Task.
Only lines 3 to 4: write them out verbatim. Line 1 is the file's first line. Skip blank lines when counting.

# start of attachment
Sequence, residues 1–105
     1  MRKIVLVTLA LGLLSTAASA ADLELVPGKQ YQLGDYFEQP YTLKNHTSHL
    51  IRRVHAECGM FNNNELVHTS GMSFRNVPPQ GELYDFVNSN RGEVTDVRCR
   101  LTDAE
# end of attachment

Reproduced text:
    51  IRRVHAECGM FNNNELVHTS GMSFRNVPPQ GELYDFVNSN RGEVTDVRCR
   101  LTDAE